If you really want to get accurate numbers on how much power your 3D printer is using, then you can just get an inexpensive power meter.
The kuman Electricity Usage Monitor is a very good option, although there are probably a few dozen others out there. You can even set it to display the actual cost of running your 3D printer by inputting the power rates in your area.
Tips on reducing power costs when running a 3D printer
We would be remiss to write an article about 3D printer power consumption without giving you a few pointers on how to save on power costs. They may not be expensive power-wise, but penny-pinching here and there can build up to significant savings if you spend a lot of time 3D printing. Here are a few tips to keep your 3D printing power costs down:
Use an enclosure
Most of the power that a 3D printer draws goes into its heating elements. This includes both the hot end nozzle and the heated print bed. This cannot be avoided, especially if you’re printing with a filament that requires high temperatures and is prone to warping.
A 3D printer with hot components naturally loses this heat to the environment. This means that the heating element of the 3D printer needs to run continuously to compensate for the heat loss. This is especially significant if you’re 3D printing in a room with frequent gusts of wind or on a particularly cold day.
By simply reducing the rate of heat loss, you can already save a lot on the power costs of 3D printing. An enclosure is a great add-on to reduce heat loss. It can also help with common issues such as warping and poor layer adhesion.
If your 3D printer does not come with a built-in enclosure, then you can just buy cheap third-party alternatives. This enclosure from Creality is a good example because it is made of fireproof and dustproof material. If you’re really on a budget, then you can even DIY an enclosure.
Reduce printing time
A job that can be completed in 10 hours instead of 12 would inevitably be consuming much less power. There are two great strategies for reducing printing time – increasing the printing speed or using thicker layer settings.
A word of warning – both options have drawbacks. The precision of details, dimensional accuracy, and layer adhesion may suffer if you are printing too fast. Printing with thicker layers is a strategy you should consider only if you’re printing simple models that do not have a lot of intricate details.
As long as you know what you’re doing, making a few tweaks to reduce power costs should not hurt the quality of your finished product.
Do calibration prints
A lot of the expenses of 3D printing go toward failed prints. In many cases, a 3D printing issue will require a do-over of the entire project. Poor dimensional accuracy, delaminated layers, warping – these are things that can no longer be repaired once they become apparent.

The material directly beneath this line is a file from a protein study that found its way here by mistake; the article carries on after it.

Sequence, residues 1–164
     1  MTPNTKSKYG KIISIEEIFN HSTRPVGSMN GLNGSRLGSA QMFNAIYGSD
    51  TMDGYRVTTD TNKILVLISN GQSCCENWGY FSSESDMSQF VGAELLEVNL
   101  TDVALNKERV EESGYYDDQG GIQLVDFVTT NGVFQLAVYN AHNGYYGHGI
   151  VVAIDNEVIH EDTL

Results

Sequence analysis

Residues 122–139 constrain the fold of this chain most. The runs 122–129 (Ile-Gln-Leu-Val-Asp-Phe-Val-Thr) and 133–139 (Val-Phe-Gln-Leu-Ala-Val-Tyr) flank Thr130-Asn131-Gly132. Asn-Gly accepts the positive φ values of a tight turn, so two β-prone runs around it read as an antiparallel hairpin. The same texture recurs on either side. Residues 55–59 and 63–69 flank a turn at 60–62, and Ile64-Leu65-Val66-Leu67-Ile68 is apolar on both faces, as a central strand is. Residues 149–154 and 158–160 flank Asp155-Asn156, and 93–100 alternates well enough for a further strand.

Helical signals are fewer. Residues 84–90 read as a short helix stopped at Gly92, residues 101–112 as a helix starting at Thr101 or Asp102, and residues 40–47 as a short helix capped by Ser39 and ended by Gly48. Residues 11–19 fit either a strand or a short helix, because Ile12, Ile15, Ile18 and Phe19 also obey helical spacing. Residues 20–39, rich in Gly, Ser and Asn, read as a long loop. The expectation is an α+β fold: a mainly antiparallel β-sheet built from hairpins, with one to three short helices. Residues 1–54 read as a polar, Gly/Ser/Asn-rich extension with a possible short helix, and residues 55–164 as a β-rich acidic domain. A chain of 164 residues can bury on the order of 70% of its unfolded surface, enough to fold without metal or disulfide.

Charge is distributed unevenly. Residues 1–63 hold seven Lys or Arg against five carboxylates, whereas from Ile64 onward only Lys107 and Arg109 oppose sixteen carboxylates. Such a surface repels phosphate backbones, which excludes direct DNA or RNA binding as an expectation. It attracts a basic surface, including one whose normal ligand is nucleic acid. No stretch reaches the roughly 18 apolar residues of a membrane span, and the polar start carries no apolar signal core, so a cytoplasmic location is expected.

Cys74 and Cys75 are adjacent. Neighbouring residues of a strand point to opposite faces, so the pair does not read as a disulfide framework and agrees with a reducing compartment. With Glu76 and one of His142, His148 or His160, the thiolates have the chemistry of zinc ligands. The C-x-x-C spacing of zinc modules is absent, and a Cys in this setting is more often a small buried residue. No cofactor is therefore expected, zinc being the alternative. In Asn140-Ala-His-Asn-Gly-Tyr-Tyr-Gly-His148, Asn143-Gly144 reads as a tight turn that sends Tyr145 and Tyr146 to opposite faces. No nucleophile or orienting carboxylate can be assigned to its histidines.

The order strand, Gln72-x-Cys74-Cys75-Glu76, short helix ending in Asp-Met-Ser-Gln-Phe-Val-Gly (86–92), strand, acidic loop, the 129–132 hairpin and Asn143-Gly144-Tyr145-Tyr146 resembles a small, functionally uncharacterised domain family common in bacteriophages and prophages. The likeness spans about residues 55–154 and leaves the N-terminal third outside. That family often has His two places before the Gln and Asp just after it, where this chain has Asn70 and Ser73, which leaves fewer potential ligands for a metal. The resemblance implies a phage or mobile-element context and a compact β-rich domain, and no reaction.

Not only does starting over increase your power expenses, but it also puts your precious filament and productive time to waste. To avoid such major errors, it is more prudent to do calibration prints.
Calibration prints are small models that test your 3D printer’s performance. A good model should be able to test several parameters all at once. This all-in-one 3D printer test model checks overhang performance, stringing, tolerance, and performance in sharp corners. This small XYZ calibration cube is best for fine-tuning your printer’s dimensional accuracy.
If all other calibration tests aren’t enough for you, then there’s the ever-reliable Benchy. Considered the all-around torture test for 3D printers, printing a perfect Benchy is probably a good indicator that your 3D printer is all set for whatever project you’re working on.
Running a 3D printer for a 12-hour printing session might feel like it would leave a dent in your monthly power expenses. The good news is that a small 3D printer isn’t going to use up much more power than your laptop.
This is not an excuse to run your 3D printer with disregard for power consumption. With a shortage of renewable power sources, all of us are responsible for using electricity conscientiously. By eliminating do-overs, reducing printing time, and minimizing heat loss, you can greatly reduce the power draw of a 3D printer. Those few dollars that you save can go towards getting premium or fancy filament.
Warning; 3D printers should never be left unattended. They can pose a firesafety hazard.